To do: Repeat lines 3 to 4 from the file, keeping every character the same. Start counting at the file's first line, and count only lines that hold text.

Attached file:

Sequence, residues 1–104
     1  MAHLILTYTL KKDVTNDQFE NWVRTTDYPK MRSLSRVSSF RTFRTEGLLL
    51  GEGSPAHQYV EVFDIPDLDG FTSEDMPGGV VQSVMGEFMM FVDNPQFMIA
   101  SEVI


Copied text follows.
    51  GEGSPAHQYV EVFDIPDLDG FTSEDMPGGV VQSVMGEFMM FVDNPQFMIA
   101  SEVI